Dubai: Among the many emotions the UAE evokes in Indians, one of the strongest is the sense of immediately falling in love with it. For Indians who came to the UAE in the ’70s or even earlier, the simplicity of the country and the warmth of its people were irresistible attractions. Their journey, from considering UAE to be their host country to finally making it their home, has been an organic process during which they not only watched the transformation of the country but also became active players in the transformation.

Gulf News speaks to Indian old-timers in the UAE on their cherished relationship with the country that has been forged by time and circumstance.


Aparna Verma

Educationist, owner of Dubai Scholars and founder director of Scholars International and Clarion International School

Verma, 49, considers herself a true Dubaiian. The city has been her home since she was one year old, in 1967. Her parents, Yashpal and Madhu Verma, had carved a deep niche in the education and construction sectors, before a car crash in 1986 ended their lives. While her father played a role in constructing the Rex Drive-in cinema, in Rashidiya, Maktoum Hospital and many other important landmarks, her mother, Madhu, decided to get into education. She founded the Play Pen Nursery in 1976 which eventually evolved into Dubai Scholars School, a legacy which Aparna took up at the age of 17 after her parents died. She not only had to temporarily suspend her own education, but she had to bring up her younger brothers, Ashwin and Kumar.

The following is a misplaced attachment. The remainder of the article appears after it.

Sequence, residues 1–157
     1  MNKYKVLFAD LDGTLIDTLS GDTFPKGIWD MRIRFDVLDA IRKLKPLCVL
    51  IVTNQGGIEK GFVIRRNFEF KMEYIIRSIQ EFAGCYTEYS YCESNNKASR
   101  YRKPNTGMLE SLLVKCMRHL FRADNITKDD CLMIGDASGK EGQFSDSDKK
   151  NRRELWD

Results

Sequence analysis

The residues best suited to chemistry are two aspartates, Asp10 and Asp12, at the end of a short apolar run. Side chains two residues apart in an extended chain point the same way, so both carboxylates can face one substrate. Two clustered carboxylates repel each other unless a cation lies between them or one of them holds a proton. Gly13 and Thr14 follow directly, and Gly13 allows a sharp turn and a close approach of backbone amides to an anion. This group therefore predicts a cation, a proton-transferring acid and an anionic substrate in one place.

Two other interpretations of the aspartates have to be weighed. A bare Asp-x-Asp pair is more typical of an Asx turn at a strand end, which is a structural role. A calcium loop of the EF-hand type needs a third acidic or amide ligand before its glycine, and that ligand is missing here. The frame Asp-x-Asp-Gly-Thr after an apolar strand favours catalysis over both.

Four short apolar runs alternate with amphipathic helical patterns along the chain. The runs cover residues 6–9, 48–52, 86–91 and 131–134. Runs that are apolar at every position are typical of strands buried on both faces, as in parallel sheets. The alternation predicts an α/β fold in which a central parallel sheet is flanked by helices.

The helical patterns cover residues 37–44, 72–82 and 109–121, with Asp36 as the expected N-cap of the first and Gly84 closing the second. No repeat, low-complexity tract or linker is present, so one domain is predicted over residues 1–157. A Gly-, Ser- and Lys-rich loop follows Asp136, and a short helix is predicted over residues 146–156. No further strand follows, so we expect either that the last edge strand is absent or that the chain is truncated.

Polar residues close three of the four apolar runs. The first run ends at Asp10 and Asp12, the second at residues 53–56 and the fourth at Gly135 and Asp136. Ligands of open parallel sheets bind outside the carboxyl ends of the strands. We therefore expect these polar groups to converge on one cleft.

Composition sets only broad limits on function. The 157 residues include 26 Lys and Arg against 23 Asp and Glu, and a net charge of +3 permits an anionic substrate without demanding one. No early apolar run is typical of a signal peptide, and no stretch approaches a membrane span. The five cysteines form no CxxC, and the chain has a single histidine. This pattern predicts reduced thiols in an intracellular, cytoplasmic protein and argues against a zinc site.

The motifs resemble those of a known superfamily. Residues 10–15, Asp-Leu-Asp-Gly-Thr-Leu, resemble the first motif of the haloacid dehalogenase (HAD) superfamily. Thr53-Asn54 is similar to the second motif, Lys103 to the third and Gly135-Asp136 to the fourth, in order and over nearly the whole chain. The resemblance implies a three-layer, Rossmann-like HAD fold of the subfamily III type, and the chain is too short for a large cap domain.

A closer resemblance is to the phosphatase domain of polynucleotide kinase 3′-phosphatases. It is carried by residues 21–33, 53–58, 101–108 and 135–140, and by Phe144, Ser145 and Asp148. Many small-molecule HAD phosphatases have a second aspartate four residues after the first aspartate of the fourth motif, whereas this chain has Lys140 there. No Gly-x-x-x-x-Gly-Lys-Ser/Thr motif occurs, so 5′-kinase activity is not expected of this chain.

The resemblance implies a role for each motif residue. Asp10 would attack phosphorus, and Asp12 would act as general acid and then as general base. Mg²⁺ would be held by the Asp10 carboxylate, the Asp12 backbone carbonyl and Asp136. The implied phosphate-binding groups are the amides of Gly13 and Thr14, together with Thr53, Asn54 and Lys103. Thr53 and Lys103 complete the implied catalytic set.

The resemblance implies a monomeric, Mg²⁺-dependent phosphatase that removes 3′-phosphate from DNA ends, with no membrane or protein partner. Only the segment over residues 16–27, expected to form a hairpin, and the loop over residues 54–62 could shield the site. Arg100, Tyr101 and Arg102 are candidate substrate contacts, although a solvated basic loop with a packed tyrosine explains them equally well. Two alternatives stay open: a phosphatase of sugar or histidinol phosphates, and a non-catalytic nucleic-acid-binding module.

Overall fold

“My father dreamt of opening a college in India; my mother, who was vice-president of the Indian Association then, worked hard to set up Dubai Scholars. Education was intrinsic to the values we grew up with,” said Verma.

“My earliest memories of Dubai are of living in Deira, on Maktoum Street, with an uninterrupted view of the Creek. We would drive for nearly six hours to get to the beach at Khor Fakkan. My mother first admitted us to a local Arabic school because she wanted us to mingle with the local community and learn Arabic. They both had very dear Emirati friends.”

Verma decided to continue expanding her parents’ dream of making education the cornerstone of progress. She ran the school, opened two new ventures, put her brothers through higher education and re-continued her own education. Her parents, she said, would not have had it any other way.

“I owe everything to Dubai and want to thank the Rulers for having provided me an opportunity to succeed as a woman,” she said, expressing her gratitude to the UAE which allowed her to realise her dreams.


Ram Buxani,

Chairman of ITL Cosmos Group